How To Share Your Travel Photos on Social Media: Ira Block’s Powerful Images Attract Eyeballs

Photos ©Ira Block
Eagle Hunter: Portrait
In Western Mongolia, Ira Block used a yurt (a native tent) as his studio, with a sheet serving as a backdrop taped behind this Kazakh eagle hunter. For his lighting, he employed a Litepanels Manfrotto 1x1 LED panel (on a light stand) bounced off a nearby surface, adding a reflector on one side.

Ira Block can best be described as a cultural documentary photographer. He uses his camera to document cultures around the world, recording how lives are impacted by changing norms, practices, and traditions. The changes are most often gradual, which is why he returns to a location time after time after time. He captures the shifting sands, one grain at a time, helping us see these changes and appreciate them through his eyes—and through social media.

Cultural Travel
Block describes his popular Instagram posts as “cultural travel.” Specifically, “I’m not focused on scenic views or even simply people. Instead, I capture the history of wherever I am and the cultural changes that the indigenous population is experiencing. Most places go through change. I prefer to visit places that are still pretty authentic in certain respects but undergoing change in others.”

Cuba is just such a place. “My first trip to Cuba was in 1997 for National Geographic,” Block recalled. “The last three years I’ve been there about six or eight times.” Cuba’s intimate relationship with baseball especially caught Block’s eye. “Baseball has been part of their culture since the 1870s. I wanted to record this relationship before Cuba got too Americanized and baseball became a big business. I look at baseball in Cuba as reminiscent of what baseball must have been like in the U.S. in the ’40s and ’50s, a time of innocence, when kids were playing everywhere all the time.”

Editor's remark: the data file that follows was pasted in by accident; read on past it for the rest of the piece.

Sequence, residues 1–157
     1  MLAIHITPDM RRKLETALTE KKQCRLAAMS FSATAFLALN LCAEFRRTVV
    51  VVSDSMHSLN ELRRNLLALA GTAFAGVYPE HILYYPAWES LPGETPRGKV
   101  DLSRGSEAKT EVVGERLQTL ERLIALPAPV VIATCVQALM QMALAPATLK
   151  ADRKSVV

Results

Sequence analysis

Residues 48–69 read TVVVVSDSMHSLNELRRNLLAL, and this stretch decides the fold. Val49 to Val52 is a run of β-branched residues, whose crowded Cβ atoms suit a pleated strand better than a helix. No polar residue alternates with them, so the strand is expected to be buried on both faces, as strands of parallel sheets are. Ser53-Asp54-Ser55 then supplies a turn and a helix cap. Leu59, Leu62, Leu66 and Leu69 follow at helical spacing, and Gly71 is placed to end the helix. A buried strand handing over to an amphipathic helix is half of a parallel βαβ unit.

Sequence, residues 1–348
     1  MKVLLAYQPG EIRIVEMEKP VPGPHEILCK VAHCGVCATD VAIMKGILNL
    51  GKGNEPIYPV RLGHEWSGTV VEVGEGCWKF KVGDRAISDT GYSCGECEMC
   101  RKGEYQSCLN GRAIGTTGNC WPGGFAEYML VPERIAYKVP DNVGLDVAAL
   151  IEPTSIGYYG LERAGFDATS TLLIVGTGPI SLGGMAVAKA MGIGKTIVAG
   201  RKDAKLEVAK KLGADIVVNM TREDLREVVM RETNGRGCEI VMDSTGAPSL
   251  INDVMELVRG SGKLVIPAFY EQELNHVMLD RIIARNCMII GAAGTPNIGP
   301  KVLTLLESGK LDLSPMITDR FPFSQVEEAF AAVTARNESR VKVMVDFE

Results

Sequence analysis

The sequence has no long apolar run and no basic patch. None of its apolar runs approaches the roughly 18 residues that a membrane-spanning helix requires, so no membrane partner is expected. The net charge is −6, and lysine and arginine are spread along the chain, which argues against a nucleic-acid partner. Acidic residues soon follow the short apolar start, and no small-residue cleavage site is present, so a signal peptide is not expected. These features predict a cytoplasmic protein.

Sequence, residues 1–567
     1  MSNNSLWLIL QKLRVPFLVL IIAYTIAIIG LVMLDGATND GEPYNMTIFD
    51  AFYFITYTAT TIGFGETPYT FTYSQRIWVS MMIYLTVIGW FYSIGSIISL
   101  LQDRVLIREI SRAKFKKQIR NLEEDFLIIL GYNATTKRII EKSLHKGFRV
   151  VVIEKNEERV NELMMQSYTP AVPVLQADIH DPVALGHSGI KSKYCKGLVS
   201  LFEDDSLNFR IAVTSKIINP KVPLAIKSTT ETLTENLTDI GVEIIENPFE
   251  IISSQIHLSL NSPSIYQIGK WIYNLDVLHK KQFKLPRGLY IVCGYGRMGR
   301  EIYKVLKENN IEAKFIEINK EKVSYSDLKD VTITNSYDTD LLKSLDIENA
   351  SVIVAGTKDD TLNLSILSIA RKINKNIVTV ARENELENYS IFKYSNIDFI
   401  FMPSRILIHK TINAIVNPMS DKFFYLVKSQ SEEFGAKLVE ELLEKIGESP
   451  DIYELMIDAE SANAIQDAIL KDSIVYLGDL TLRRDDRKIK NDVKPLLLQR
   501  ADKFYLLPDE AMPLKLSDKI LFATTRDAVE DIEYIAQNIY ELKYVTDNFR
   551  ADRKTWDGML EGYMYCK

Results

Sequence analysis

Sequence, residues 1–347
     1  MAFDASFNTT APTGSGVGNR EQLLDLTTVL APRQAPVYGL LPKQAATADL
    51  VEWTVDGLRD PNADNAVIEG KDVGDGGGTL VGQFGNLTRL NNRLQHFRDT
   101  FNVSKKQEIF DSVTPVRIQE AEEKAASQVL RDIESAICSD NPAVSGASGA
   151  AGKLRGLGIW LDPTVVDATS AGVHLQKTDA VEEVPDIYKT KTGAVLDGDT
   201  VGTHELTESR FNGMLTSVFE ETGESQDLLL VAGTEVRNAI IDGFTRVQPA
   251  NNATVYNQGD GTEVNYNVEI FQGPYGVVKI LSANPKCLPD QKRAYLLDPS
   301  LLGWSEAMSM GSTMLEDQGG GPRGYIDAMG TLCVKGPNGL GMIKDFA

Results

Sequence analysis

To achieve a certain intimacy with his subjects, Block doesn’t try to blend in with the background. He likes to get close to people and make a connection. “You have to make people feel comfortable so they’ll allow you into their world. I try to get deeper into my subjects. I’m not grabbing pictures off the cuff.”

Instagram Popularity
Growing daily in popularity, Block’s worldwide Instagram following numbers nearly 300,000. He attributes this in part to name recognition from National Geographic’s Instagram page. “From there it started snowballing.” Contributing further, Block speaks at seminars and conducts workshops. “I’m out there. And when you’re out there, people pay attention to you.” Block observed that he has an especially large following in Asia, where TV interviews have brought him considerable notoriety, which translates into even more Instagram followers.

Contrasting social media with a website, Block pointed out: “People don’t go to websites anymore. Especially since everyone’s walking around with a mobile device. Going to a website takes work and time. To go to an Instagram feed—well, it’s practically on automatic pilot. People seem mesmerized by their social media feeds—they just keep scrolling and scrolling and scrolling, stopping sporadically when their eye lands on something of interest. We are dealing with a generation of instantaneous gratification—and then they move on.”

So, why keep a website? “The website organizes my work for jobs. Potential and current clients go to my website to see what I’m doing. I also sell some stock through my website.”

Still, Block was quick to point out that he has abandoned traditional promotional tools: “I look at my social media as my promotional tool. Social media gets the attention of a lot of the younger art directors and photo editors. Social media is now a business tool for me.”